It’s hot in Saratoga

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SARATOGA SPRINGS – It was hot on Wednesday. Thursday will be warmer.

If you’re planning on spending a day at the Saratoga Racetrack on Thursday, remember that it’s hot. And it will stay on all day.

“It’s going to be uncomfortable,” Dan Thompson, a National Weather Service meteorologist in Albany, said Wednesday. “There’s no other way to put it.”

A 10-race card is scheduled for 1:05 p.m. and officials will be keeping tabs on rising temperatures and, more importantly, the heat index.

According to heat management protocols established by New York State Gaming Commission Equine Medical Director Dr. Scott Palmer, if a heat index – a calculation that takes into consideration temperature, humidity and wind speed – reached 105″, your racetrack veterinarian should contact the marshals or judges and track management to alert them to the presence of hazardous weather conditions.”

Then there would be a discussion on whether or not to continue the race.

Thompson said Wednesday the National Weather Service forecast the heat index to be 103 at press time and could reach 107 in the afternoon. An excessive heat warning is in effect from 10 a.m. to 8 p.m. Thursday.


During Wednesday’s 10-race map, the highest heat index was 103. The heat index is available at the on-track weather station and is updated regularly.

The last time races were canceled at Saratoga due to blistering heat was Saturday, July 20, 2019. The New York Racing Association announced the cancellation of this card two days prior.

Thursday’s forecast, while warm, is not expected to be as stark as that day when the heat index was near 110.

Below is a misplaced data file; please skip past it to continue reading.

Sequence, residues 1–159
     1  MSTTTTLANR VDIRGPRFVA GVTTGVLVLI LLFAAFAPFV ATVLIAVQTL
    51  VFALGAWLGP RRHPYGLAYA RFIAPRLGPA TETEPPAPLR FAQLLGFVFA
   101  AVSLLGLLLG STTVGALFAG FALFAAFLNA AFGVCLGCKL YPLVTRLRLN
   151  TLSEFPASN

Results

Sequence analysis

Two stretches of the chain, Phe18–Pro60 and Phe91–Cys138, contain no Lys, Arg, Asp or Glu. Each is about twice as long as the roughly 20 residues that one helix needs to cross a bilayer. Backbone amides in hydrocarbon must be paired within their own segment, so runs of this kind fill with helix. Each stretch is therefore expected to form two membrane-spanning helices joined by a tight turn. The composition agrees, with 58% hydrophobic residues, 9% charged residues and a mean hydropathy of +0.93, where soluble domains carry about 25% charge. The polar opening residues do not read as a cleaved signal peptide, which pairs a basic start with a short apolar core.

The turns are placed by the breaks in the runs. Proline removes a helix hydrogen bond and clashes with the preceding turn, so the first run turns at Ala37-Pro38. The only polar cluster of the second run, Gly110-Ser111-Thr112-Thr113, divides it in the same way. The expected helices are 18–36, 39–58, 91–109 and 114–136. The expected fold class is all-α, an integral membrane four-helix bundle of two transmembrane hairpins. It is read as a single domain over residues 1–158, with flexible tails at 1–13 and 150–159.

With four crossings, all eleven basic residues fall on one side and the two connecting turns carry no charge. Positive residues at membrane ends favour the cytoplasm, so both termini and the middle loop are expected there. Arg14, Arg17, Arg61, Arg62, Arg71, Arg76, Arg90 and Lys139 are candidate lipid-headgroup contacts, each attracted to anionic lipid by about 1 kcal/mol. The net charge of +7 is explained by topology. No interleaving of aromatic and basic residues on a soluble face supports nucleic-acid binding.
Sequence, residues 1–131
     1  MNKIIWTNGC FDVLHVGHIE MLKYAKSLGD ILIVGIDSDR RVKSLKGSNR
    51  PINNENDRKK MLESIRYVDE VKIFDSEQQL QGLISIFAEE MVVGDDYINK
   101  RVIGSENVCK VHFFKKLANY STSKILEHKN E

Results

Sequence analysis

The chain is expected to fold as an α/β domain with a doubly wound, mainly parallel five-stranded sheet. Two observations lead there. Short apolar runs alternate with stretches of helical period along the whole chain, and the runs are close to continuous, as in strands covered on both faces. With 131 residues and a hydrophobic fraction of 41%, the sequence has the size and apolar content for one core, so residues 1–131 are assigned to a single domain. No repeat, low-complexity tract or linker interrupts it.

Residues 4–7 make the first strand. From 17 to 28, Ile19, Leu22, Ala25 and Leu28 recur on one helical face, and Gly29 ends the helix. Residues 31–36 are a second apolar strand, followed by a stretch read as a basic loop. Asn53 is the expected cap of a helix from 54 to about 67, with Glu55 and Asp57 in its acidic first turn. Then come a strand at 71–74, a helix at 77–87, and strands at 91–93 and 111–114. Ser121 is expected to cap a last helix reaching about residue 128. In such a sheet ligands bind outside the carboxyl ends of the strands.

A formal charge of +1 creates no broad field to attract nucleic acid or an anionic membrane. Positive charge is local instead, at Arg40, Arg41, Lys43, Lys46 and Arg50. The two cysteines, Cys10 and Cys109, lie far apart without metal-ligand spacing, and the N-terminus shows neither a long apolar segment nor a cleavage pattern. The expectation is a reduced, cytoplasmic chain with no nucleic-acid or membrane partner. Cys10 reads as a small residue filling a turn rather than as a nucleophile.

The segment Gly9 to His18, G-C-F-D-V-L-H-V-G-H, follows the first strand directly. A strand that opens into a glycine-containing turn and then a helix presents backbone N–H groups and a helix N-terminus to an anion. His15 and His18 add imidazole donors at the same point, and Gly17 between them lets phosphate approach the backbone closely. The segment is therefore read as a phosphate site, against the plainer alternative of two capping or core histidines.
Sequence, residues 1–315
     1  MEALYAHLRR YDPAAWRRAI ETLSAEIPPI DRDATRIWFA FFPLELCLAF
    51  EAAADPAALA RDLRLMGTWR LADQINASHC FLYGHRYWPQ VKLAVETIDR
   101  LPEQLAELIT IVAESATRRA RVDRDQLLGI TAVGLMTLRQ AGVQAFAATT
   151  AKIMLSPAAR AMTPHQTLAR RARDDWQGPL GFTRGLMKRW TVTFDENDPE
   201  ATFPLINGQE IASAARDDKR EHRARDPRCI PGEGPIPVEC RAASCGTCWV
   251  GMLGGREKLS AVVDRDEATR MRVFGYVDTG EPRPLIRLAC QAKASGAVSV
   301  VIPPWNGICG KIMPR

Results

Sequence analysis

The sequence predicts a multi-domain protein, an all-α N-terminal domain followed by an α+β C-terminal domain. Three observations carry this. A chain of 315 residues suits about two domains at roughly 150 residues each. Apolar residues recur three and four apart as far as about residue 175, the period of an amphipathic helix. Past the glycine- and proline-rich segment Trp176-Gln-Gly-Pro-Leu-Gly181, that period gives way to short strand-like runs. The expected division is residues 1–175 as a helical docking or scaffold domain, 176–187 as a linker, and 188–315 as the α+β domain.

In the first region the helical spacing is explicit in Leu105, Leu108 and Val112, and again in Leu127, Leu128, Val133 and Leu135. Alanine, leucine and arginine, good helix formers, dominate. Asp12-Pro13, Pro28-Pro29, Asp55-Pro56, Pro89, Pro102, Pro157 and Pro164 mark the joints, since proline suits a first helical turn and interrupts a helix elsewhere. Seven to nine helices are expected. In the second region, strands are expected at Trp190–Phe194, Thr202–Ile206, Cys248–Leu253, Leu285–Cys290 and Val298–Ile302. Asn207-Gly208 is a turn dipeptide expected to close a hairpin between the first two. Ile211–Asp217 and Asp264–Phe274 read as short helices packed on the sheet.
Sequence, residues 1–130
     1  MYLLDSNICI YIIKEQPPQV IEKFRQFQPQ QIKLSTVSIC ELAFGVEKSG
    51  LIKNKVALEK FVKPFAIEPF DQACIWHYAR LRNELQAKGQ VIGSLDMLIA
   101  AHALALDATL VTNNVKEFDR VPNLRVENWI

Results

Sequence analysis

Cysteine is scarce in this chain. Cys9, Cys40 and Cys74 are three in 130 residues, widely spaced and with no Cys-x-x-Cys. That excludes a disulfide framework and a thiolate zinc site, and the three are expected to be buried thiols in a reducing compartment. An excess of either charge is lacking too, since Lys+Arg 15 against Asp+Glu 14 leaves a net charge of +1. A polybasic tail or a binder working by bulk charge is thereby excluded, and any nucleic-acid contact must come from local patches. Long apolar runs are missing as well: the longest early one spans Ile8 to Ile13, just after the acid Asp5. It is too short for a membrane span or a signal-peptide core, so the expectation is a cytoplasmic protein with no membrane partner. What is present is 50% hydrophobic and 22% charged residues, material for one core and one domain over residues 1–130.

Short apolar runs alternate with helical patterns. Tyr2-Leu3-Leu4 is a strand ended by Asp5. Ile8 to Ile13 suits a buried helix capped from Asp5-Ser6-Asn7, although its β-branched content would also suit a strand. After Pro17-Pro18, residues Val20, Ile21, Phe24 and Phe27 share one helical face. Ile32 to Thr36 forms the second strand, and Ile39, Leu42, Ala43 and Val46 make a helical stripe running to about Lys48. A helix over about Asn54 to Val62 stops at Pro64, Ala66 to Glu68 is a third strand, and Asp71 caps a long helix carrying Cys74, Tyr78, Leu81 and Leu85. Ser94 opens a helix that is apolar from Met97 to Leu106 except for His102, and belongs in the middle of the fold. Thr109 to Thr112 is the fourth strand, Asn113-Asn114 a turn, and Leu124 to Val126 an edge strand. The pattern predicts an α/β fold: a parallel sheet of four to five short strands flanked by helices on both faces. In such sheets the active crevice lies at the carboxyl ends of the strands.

On Wednesday morning, trainers were also making sure their horses were hydrated. The fans were in front of each stand and the coaches are extra careful.

Hall of Fame coach Mark Casse is used to warm weather as he has a training facility in Ocala, Florida. Saffie Joseph Jr. spends most of the year at Gulfstream Park in Florida.

“It’s cool weather for us,” he said with a laugh on Wednesday morning.

A sure sign that a horse is doing well in the heat is if it is sweating.

“The important thing is that they sweat properly,” Joseph said. “If a horse sweats, it’s his cooling system. If the horse isn’t a good sweater, the heat will bother him. Once a horse sweats well, the heat is fine with him.”

After Wednesday’s races, the horses were watered outside the winner’s circle before being returned to their barns. There were no incidents.

The horses do their training in the morning. Although it was hot, it was not uncomfortable.

“I tend not to train them as hard or not as hard,” Casse said of the heat. “Most of (his) horses here, they would never have to train. They could just walk for a week and race. They are ready.”

Brad Cox, who has Travers’ favorite Essential Quality in his barn, also watches the weather. If it’s supposed to be hot, he might send horses earlier. If he sees a horse that’s not doing well in hot weather, he’ll keep it in the barn. The horses he has in Saratoga aren’t new to heat exposure.

They spend much of the year in Kentucky where temperatures often rise.

“It’s warmer in Kentucky,” he said. “I think I’m like a horse. I prefer cooler weather.”

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